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Returning back to the workforce after Caregiving

For the individuals that had to take a long break from their career to become a full-time caregiver the prospect of re-entering the workforce can be intimidating. Most likely you will find unique challenges that may make it difficult to land the job that you want. There are some ways that you can prepare for success.

Before you apply to the same types of jobs you held a year ago, consider the person you are today and determine if the career that you once had is a good fit for you now. One way to avoid doubting yourself and increasing your confidence back is to “identify what’s important to you at this point in your life, and What is your purpose? Caregiving can change you more than you know, and you will most likely look at life differently. Once you answer those questions, moving on to the practical task of pinpointing which skills you had developed before you left the workforce or in the year since then that employers might want will be easy. You may also consider using this opportunity to change career paths as well.

The job market can change in a few months. While caregiving there is a chance that you haven’t kept up with changes in your field, and that may make you fall behind the competition. Keeping your skills relevant will improve your chances of landing a job when the time comes. Consider taking classes, reading books, and search the Internet for information on the latest trends in your industry.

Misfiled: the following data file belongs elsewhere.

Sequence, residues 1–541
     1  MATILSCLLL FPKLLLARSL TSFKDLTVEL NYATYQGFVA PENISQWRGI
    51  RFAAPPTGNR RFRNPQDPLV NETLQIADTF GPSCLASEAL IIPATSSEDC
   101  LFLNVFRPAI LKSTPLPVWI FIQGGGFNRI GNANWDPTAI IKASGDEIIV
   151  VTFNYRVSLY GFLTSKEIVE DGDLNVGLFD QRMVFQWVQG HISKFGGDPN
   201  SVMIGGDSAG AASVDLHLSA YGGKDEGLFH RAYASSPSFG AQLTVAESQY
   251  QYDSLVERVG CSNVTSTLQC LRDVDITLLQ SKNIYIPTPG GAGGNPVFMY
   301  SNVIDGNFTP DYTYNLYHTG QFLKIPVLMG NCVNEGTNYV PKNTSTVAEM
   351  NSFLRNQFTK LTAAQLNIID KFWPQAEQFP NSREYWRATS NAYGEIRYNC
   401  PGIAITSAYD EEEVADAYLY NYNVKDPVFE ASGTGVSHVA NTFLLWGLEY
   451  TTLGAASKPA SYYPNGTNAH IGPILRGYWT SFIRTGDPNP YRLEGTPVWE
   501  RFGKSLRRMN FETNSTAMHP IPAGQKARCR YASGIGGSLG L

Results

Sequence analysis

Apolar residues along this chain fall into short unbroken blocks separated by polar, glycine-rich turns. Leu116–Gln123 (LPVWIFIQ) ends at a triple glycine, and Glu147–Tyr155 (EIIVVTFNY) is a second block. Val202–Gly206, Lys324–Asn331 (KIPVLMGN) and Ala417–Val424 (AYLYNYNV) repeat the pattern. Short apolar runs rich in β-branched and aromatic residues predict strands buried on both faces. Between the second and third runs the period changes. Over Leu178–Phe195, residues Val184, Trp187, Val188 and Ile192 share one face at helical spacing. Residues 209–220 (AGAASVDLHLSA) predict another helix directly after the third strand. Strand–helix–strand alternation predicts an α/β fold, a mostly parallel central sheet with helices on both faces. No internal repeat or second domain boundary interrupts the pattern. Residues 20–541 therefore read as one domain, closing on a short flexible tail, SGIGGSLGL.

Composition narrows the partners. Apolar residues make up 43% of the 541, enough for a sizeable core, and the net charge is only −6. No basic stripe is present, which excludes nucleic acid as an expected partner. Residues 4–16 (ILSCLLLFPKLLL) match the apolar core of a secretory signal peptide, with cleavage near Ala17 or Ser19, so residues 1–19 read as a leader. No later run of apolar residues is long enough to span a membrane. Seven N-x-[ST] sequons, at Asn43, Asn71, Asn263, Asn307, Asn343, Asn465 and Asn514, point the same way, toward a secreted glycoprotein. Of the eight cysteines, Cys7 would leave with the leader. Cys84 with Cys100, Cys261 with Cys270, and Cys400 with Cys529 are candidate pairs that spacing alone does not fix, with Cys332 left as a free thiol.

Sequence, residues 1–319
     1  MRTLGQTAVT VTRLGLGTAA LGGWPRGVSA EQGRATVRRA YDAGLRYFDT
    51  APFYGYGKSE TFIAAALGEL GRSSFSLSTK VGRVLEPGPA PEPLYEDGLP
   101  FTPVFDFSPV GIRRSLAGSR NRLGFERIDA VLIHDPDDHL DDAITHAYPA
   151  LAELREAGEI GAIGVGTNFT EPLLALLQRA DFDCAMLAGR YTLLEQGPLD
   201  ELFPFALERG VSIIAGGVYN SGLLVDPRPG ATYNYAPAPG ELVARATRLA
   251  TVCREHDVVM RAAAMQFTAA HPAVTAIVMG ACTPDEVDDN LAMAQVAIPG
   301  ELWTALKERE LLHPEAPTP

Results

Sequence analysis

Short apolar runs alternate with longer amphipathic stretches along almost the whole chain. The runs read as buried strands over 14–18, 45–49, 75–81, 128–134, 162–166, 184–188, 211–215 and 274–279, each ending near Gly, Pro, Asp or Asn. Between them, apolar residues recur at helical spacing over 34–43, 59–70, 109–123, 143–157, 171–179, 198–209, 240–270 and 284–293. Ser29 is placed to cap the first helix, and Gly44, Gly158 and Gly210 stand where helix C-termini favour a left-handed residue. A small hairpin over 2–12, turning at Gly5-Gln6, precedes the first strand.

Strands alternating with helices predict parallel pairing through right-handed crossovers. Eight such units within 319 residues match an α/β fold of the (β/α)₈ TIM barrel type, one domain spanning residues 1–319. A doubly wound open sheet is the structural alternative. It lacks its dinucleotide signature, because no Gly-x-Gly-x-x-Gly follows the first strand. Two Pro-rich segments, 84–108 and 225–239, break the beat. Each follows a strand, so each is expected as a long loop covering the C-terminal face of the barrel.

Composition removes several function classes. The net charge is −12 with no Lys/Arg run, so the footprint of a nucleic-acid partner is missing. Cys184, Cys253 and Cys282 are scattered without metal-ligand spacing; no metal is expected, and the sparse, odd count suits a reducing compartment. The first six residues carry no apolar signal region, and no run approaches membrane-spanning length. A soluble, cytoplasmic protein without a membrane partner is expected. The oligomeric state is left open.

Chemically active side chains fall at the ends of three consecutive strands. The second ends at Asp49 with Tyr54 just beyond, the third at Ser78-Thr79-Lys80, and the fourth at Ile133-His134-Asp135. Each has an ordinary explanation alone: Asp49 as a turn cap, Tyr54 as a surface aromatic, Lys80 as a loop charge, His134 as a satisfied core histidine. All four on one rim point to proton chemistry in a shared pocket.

When updating your resume, do not try to hide your employment gap. Be honest and transparent about why you left your job in the past can be helpful. Initiate open discussions of why you stopped working. That will demonstrate your confidence, honesty, and resolve. Employers will understand and may want to assist you.

Caregivers who cared for a loved one who had a form of dementia might never have thought about how their caregiving experience could help in the job field. If you are currently a caregiver for a loved one, think about if you would want to do it professionally. As our population rises in the future, many people will need compassionate care. If you enjoy providing care for other people, you may want to look into becoming trained as a nursing aide or health aide.

Networking is essential for any job search. Casual conversations with others about your search for employment could help. A friend or family member might have information on the opportunities you may have missed and may be able to refer you, which will increase your chances of success.

Getting back into the workforce after a long absence can be tough, but it is not impossible. Keep your skills current and strategize carefully, and you can succeed in re-entering the workforce no matter how long you’ve been away.

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